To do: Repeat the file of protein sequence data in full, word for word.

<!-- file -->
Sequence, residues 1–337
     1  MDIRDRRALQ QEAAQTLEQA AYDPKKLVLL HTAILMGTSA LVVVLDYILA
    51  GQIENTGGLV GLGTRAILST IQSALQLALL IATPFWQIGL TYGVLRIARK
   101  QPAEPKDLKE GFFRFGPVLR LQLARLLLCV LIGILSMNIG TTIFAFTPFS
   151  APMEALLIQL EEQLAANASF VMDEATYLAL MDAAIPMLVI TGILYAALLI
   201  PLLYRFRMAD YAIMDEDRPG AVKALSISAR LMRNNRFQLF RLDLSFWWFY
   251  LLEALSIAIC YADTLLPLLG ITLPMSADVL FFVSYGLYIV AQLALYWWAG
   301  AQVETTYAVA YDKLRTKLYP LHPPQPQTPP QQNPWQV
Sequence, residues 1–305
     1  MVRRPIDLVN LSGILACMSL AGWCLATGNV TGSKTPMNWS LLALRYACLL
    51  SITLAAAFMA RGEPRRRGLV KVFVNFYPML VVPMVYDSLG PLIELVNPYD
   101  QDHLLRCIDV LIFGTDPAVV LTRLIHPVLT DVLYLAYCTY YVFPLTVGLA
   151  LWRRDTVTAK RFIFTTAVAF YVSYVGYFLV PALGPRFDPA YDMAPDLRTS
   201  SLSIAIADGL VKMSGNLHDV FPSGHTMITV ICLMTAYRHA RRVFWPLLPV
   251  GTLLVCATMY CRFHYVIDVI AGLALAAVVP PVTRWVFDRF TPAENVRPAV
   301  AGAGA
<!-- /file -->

Sequence, residues 1–337
     1  MDIRDRRALQ QEAAQTLEQA AYDPKKLVLL HTAILMGTSA LVVVLDYILA
    51  GQIENTGGLV GLGTRAILST IQSALQLALL IATPFWQIGL TYGVLRIARK
   101  QPAEPKDLKE GFFRFGPVLR LQLARLLLCV LIGILSMNIG TTIFAFTPFS
   151  APMEALLIQL EEQLAANASF VMDEATYLAL MDAAIPMLVI TGILYAALLI
   201  PLLYRFRMAD YAIMDEDRPG AVKALSISAR LMRNNRFQLF RLDLSFWWFY
   251  LLEALSIAIC YADTLLPLLG ITLPMSADVL FFVSYGLYIV AQLALYWWAG
   301  AQVETTYAVA YDKLRTKLYP LHPPQPQTPP QQNPWQV
Sequence, residues 1–305
     1  MVRRPIDLVN LSGILACMSL AGWCLATGNV TGSKTPMNWS LLALRYACLL
    51  SITLAAAFMA RGEPRRRGLV KVFVNFYPML VVPMVYDSLG PLIELVNPYD
   101  QDHLLRCIDV LIFGTDPAVV LTRLIHPVLT DVLYLAYCTY YVFPLTVGLA
   151  LWRRDTVTAK RFIFTTAVAF YVSYVGYFLV PALGPRFDPA YDMAPDLRTS
   201  SLSIAIADGL VKMSGNLHDV FPSGHTMITV ICLMTAYRHA RRVFWPLLPV
   251  GTLLVCATMY CRFHYVIDVI AGLALAAVVP PVTRWVFDRF TPAENVRPAV
   301  AGAGA